Can the diesel Mercedes G400d offer something different in the ever-competitive premium SUV market?
It’s rumoured that Mercedes will preview an all-electric G-Class with an EQG concept at the upcoming Munich Motor Show, but that won’t detract from the appeal of a combustion-engined G-Class for many.
When Mercedes redesigned its icon in 2018 it launched with V8 power in range-topping G63 AMG trim. However, it’s now added another fuel choice to the line-up before it goes electric with a less glitzy and more affordable G400 d diesel model – and it’s brilliant.
It isn’t exactly a bargain version of the G63 which recently saw a price increase to $289,900 but at $233,900 before on-road costs and with a syrupy turbo straight-six diesel engine it is compelling in its own right. There’s also a 12-month waiting list on the bent eight monster to consider.
Standard equipment in the Australian G400d includes 19-inch lightweight alloy wheels, Multibeam LED headlights, adaptive dampers, a 15-speaker Burmester sound system, twin 12.3-inch screens with Mercedes-Benz User Experience (MBUX), Nappa leather upholstery, heated front pews, three-zone climate control and a sunroof.
There is also a suite of safety technology such as AEB, adaptive cruise control (radar), lane departure warning with steering assist, blind-spot monitoring, parking assist, 360-degree cameras and more.
On top of equipment is Mercedes-Benz Australia’s standard five-year, unlimited-kilometre warranty.
Power for the G400d comes from a more heavily tuned version of the G350d’s turbocharged 3.0-litre in line six-cylinder engine (and what appears in the GLE and GLS 400d). Featuring a stepped bowl combustion process, a multi-channel exhaust gas recirculation system and variable valve lift control, it kicks out 243kW and a generous 700Nm of torque between 1200 and 3200rpm – 33kW and 100Nm more than its lesser sibling.
It’s linked to Mercedes’ in-house-produced nine-speed automatic gearbox and 4Matic four-wheel-drive system with low-range gearing and three differential locks as standard. Official performance claims point to a 0-100kph time of 6.4sec – quick for 2.4-tonnes of metal – a top speed electronically limited to 211km/h and combined fuel consumption of 9.5L/100km and CO2 emissions of 253g/km on the WLTP test, much less than the G 63’s 13.1L/100km on the combined cycle.
It towers above even conventionally large SUVs such as Range Rovers; this is a car that has masses of road presence, which is why the G-Class is loved by so many, why it sits as a halo model alongside the S-Class (and now the EQS), and why it’s such a feel-good machine.
The performance it delivers is more than adequate, with that huge torque output kicking in from just 1,200rpm, which means the big SUV lollops along effortlessly, shifting creamily up through its nine gears with a muted but muscular rumble from the engine.
It doesn’t quite have the personality of the G63, but then some might find this engine suits the G better than the V8 as you hardly have to rev it – and it’s beautifully refined.
It’s mostly relaxing as a result, with only the slight shimmying ride the main drawback. It’s a problem that afflicts the G63 too and is partly down to its size and construction, but these factors also mean that the G-Class offers incredible off-road performance, with three locking differentials to help progress away from the tarmac. That huge torque output ensures a sizeable 3,500kg towing capacity too.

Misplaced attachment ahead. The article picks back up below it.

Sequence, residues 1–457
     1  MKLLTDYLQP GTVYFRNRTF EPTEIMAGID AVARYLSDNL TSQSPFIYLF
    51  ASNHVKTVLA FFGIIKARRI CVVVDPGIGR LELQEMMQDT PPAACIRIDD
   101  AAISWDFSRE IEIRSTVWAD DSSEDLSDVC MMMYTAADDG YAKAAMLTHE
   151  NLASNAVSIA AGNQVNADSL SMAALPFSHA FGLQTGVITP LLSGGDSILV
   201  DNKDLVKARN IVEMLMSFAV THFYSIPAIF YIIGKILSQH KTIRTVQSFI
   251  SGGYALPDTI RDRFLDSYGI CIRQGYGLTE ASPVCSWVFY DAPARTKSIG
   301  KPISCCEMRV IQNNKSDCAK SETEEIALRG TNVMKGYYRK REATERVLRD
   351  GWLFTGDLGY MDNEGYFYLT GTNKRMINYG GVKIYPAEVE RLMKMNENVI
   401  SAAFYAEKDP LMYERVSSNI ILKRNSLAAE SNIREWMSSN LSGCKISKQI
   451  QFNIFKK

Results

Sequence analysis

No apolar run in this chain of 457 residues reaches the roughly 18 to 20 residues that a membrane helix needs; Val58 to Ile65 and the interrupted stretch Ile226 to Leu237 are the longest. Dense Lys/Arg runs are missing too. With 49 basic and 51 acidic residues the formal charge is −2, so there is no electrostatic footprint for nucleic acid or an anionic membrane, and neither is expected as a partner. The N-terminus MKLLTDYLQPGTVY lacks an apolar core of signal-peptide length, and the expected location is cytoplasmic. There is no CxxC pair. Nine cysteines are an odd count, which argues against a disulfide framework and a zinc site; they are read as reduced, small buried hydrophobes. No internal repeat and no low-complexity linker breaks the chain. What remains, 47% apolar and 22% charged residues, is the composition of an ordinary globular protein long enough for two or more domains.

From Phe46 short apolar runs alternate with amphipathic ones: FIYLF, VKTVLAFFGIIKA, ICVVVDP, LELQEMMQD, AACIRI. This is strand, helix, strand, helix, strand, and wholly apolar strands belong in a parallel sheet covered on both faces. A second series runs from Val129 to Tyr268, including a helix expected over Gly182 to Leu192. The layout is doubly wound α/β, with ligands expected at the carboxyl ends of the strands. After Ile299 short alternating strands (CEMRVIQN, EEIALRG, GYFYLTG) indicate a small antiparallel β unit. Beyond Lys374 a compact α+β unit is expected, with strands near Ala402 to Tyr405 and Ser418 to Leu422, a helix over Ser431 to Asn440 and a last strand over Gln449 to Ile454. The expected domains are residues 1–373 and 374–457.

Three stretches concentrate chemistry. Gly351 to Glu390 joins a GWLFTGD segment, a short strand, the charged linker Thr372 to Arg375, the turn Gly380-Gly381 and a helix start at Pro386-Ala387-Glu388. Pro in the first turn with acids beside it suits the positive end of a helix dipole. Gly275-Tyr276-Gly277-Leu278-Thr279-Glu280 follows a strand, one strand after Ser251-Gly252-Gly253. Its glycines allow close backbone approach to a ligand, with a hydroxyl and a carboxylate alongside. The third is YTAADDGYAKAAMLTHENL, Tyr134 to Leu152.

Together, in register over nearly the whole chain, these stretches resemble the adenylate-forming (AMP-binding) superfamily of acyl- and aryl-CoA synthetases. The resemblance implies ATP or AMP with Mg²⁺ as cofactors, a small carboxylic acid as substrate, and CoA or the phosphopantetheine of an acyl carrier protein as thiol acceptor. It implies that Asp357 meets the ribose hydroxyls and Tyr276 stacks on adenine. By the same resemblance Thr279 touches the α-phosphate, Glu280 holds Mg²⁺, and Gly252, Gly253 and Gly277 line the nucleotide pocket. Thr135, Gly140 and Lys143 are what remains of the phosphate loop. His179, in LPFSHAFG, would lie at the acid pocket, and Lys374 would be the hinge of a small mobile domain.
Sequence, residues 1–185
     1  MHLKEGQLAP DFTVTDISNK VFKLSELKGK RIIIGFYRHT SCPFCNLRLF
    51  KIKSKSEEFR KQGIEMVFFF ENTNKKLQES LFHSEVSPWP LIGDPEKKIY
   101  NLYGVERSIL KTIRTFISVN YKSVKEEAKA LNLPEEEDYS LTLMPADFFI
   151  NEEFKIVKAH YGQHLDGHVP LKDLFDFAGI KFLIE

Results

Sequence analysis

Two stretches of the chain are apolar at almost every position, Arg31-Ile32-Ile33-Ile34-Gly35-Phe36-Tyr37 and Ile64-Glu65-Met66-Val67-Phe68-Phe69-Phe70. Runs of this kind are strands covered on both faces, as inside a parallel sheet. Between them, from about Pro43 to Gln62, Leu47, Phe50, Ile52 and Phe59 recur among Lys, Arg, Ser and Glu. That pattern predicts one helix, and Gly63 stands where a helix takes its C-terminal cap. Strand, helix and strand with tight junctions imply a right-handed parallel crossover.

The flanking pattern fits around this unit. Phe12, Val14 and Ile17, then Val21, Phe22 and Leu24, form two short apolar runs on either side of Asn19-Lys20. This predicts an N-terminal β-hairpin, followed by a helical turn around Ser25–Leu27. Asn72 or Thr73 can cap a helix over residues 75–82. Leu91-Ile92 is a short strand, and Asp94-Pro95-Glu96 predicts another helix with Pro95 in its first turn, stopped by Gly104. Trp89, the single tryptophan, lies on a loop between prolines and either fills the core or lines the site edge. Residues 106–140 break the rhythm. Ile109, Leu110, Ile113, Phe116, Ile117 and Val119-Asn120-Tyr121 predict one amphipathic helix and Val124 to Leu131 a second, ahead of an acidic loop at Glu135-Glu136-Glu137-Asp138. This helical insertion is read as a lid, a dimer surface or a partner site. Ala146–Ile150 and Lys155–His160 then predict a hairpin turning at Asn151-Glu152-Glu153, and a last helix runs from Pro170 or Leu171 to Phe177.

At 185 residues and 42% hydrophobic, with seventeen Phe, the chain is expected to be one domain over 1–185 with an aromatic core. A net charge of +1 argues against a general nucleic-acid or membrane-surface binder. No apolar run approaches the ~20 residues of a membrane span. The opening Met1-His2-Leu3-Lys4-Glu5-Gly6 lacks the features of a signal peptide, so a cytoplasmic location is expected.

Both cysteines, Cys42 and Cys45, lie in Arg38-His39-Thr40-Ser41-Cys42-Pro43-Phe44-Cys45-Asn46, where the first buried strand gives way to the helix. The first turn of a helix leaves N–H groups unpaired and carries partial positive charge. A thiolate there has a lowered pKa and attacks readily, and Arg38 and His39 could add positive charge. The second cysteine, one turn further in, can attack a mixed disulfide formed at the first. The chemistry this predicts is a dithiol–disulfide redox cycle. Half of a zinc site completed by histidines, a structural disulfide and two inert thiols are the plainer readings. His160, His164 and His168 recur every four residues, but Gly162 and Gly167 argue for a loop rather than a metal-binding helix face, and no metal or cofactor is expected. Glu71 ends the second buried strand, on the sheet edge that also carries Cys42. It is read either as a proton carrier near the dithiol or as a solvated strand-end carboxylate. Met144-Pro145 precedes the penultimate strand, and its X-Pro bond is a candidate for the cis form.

Sometimes the big Mercedes feels a little obese in how it tackles bumps and turns corners, the chassis struggling to smooth out the worst lesions in the road and the slow steering meaning you have to crank more lock on than you might initially expect.
But it’s a set-up choice from the German brand that packs the car with character and, once you’re quickly used to it, becomes a defining positive trait in many ways, rather than a drawback; it certainly gives more stability at higher speed.
Quality inside is great and lives up to the price, the upright windscreen framing the imperious view out over the big, square bonnet. Along with the flared wheel arches it can therefore be a bit more difficult to park than a normal large SUV, but we’re splitting hairs here.
It uses Mercedes’ previous-generation infotainment set-up, which is still fine. Two 12.3-inch displays and the older-style control wheel offer plenty of functionality, with all of the usual high-end kit you’d expect from a car costing this much, including a brilliant Burmester stereo.
Practicality is good, with lots of passenger room once you’ve hauled yourself inside, and up to 667 litres of boot space available with the rear seats in place rising to 1,150 litres with them folded down. Just be mindful that you’ll need plenty of space behind to open the side-hinged tailgate; the spare wheel is mounted on this too, although visibility is fine, helped by a comprehensive camera set-up.
The less than slippery profile and the G400d’s weight mean that despite the new diesel engine official fuel economy stands at 13.1L/100km. With a 100-litre tank it will cost around $150 to brim, but that’s much more economic than the G63 and exclusivity isn’t cheap. The feeling you get when driving the G-Class – no matter what engine is mounted in its bluff nose – will make it seem worth it.
An all-electric EQG concept might be on the way, but this new G400d proves there’s still life in the combustion-engined G-Class yet. It’s refined, punchy and smooth, and should cost less to buy and run than the G63 AMG – although it’s still a pricey machine. However, even at this price, few can match the diesel G-Class’s personality; it’s unique in the large SUV market, and that’s almost worth the entry price alone.
|Price:||$233,900 plus on-roads|
|Engine:||3.0-litre 6cyl turbo diesel|
|Transmission:||Six-speed manual, front-wheel drive|